By May 1995, Rubin was impatiently warning Congress that the Glass-Steagall Act could “conceivably impede safety and soundness by limiting revenue diversification.” Banking deregulation was then inching through Congress. As they had during the previous Bush administration, both the House and Senate Banking Committees had approved separate versions of legislation to repeal Glass-Steagall, the 1933 Act passed by the administration of Franklin Delano Roosevelt that had separated deposit-taking and lending or “commercial” bank activities from speculative or “investment bank” activities, such as securities creation and trading. Conference negotiations had fallen apart, though, and the effort was stalled.

By 1996, however, other industries, representing core clients of the banking sector, were already being deregulated. On February 8, 1996, Clinton signed the Telecom Act, which killed many independent and smaller broadcasting companies by opening a national market for “cross-ownership.” The result was mass mergers in that sector advised by banks.

Deregulation of companies that could transport energy across state lines came next. Before such deregulation, state commissions had regulated companies that owned power plants and transmission lines, which worked together to distribute power. Afterward, these could be divided and effectively traded without uniform regulation or responsibility to regional customers. This would lead to blackouts in California and a slew of energy derivatives, as well as trades at firms such as Enron that used the energy business as a front for fraudulent deals.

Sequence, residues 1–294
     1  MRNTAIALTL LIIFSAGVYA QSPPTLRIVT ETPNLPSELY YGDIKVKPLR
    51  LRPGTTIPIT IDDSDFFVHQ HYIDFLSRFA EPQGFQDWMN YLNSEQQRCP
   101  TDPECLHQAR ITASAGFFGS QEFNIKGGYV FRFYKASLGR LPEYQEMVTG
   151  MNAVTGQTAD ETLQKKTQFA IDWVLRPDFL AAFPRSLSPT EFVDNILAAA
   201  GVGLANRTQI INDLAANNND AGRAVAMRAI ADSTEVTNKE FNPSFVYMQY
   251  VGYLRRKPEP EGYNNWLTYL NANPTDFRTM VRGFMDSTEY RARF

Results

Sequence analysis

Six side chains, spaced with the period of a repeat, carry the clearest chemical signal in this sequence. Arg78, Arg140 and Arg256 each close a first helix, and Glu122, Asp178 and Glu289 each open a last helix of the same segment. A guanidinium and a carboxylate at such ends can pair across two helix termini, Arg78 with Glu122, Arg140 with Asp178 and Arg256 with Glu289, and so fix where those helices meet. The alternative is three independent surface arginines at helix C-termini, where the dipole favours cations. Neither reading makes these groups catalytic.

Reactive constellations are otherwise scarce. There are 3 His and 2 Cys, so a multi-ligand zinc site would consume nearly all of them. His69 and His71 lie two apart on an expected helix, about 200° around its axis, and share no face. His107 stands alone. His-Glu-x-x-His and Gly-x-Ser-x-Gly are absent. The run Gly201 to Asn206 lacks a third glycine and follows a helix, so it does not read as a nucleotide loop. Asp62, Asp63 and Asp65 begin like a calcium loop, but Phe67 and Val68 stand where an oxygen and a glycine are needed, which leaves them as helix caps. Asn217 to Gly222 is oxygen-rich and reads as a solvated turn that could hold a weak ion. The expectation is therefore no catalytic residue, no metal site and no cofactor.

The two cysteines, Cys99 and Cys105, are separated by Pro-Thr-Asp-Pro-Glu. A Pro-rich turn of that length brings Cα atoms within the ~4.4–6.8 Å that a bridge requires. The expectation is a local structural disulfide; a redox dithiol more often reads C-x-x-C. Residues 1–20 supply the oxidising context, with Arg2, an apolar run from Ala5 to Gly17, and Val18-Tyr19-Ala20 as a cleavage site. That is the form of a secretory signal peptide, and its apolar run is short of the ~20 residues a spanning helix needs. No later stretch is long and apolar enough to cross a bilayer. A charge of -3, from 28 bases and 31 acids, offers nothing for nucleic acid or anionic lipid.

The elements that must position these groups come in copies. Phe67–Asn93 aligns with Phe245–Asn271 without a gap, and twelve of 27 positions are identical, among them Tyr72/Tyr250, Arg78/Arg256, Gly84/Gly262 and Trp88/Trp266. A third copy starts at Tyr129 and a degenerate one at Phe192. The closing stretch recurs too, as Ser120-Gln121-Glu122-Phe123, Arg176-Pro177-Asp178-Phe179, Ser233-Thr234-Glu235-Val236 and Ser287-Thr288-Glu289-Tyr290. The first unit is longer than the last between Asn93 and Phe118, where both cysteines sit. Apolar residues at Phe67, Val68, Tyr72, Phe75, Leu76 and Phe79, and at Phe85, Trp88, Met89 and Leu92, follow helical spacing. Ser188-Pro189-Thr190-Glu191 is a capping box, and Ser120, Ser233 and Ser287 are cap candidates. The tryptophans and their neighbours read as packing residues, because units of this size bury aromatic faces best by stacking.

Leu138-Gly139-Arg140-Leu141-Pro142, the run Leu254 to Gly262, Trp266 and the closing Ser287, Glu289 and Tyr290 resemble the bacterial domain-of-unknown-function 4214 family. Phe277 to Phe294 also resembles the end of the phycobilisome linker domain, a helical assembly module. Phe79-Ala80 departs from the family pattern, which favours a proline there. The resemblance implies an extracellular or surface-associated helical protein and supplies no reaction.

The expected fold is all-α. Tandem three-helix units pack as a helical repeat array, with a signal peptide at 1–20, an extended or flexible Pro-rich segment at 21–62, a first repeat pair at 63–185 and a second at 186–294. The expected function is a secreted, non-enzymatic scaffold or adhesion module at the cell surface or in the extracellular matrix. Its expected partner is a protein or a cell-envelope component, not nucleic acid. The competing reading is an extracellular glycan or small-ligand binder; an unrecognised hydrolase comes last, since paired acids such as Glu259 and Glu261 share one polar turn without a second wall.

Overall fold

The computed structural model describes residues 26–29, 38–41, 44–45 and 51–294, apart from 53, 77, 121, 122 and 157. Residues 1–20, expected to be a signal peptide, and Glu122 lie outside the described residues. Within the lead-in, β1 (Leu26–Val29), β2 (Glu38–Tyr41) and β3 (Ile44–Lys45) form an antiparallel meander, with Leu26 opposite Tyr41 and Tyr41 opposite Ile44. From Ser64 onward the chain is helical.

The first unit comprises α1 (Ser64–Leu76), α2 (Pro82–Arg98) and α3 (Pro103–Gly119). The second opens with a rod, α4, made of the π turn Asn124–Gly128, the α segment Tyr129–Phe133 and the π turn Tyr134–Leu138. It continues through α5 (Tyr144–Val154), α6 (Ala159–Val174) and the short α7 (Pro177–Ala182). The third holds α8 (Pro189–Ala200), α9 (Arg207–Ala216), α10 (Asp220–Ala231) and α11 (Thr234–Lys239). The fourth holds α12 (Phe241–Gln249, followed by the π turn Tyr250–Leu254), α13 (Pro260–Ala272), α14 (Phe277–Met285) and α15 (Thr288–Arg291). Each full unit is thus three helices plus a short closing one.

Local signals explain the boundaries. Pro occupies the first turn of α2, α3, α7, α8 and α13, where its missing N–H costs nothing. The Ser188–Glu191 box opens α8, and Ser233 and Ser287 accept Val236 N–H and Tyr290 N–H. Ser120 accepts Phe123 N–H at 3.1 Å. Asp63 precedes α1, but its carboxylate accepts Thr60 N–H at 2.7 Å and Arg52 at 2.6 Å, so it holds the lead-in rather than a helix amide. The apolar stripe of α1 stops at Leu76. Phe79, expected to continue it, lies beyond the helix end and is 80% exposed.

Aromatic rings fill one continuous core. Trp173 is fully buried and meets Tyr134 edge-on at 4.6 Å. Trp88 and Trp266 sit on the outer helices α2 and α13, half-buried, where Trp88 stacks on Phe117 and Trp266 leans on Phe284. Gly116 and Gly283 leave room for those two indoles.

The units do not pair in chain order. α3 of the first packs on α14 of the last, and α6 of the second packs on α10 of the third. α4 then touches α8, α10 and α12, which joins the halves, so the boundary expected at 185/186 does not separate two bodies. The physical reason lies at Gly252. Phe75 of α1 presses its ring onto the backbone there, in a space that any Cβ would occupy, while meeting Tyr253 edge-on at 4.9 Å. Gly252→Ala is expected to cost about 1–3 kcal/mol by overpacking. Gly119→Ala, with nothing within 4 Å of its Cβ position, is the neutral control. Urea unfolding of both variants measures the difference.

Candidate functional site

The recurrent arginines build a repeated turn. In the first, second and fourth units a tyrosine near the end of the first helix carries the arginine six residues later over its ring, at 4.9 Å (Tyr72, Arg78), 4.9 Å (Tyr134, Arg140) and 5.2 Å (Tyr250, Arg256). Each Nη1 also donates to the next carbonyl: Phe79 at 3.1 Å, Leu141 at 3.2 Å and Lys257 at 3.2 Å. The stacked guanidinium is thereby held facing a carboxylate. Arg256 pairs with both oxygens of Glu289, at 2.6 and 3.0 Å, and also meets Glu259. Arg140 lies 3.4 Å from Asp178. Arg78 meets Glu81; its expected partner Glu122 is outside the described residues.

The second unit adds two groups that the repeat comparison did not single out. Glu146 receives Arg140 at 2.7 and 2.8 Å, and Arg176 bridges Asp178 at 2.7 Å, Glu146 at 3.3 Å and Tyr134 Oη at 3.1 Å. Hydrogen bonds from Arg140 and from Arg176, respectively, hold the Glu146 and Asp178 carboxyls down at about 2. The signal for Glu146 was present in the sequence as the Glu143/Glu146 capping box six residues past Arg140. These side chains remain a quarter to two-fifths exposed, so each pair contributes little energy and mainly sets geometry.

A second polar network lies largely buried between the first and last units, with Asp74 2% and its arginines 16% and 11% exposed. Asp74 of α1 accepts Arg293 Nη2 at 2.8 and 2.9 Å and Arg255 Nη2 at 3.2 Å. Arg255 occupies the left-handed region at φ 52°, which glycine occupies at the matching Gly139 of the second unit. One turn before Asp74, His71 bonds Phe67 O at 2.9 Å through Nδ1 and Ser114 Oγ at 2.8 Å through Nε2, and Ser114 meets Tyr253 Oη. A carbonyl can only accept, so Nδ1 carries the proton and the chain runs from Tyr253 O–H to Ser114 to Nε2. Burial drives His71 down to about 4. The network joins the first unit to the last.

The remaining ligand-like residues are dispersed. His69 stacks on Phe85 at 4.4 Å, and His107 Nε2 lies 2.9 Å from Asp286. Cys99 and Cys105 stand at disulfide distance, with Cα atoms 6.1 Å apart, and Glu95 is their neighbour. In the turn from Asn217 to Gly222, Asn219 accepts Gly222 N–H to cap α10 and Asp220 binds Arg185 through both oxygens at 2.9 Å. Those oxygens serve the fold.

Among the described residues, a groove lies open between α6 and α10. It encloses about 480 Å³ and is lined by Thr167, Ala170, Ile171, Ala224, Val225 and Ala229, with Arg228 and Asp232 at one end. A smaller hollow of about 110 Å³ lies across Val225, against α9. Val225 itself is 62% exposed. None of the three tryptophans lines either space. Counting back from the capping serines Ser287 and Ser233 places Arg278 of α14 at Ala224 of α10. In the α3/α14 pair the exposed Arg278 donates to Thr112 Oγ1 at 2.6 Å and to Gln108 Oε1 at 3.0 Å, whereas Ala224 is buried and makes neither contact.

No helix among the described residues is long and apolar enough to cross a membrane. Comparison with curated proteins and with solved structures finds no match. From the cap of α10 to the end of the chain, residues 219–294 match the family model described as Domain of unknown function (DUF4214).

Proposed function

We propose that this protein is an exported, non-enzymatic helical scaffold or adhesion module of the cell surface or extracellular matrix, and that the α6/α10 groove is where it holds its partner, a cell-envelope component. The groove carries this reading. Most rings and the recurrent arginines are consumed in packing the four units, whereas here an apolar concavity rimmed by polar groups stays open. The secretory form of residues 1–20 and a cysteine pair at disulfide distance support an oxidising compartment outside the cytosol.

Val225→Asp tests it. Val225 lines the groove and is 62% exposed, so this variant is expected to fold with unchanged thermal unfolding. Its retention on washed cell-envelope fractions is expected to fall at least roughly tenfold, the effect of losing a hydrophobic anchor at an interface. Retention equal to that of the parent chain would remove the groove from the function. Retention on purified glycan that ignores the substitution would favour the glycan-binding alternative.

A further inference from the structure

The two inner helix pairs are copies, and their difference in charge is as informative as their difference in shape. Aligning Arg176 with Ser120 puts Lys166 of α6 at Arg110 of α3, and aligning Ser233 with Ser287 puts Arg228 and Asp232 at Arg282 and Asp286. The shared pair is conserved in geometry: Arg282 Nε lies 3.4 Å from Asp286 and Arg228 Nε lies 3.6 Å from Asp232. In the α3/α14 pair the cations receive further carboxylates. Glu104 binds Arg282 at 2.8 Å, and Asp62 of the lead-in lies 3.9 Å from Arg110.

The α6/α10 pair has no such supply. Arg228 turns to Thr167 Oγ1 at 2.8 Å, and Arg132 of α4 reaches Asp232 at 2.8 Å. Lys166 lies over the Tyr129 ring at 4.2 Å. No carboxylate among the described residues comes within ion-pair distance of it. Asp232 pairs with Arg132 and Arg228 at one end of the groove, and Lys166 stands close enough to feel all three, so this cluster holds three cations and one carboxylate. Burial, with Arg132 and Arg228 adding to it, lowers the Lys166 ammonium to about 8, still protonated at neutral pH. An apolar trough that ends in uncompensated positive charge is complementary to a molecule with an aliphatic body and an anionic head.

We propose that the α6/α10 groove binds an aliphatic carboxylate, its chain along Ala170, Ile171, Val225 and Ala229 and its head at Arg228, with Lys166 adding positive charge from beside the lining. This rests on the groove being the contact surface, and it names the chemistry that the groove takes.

The number of mergers and stock and debt issuances ballooned on the back of all the deregulation that eliminated barriers that had kept companies separated. As industries consolidated, they also ramped up their complex transactions and special purpose vehicles (off-balance-sheet, offshore constructions tailored by the banking community to hide the true nature of their debts and shield their profits from taxes). Bankers kicked into overdrive to generate fees and create related deals. Many of these blew up in the early 2000s in a spate of scandals and bankruptcies, causing an earlier millennium recession.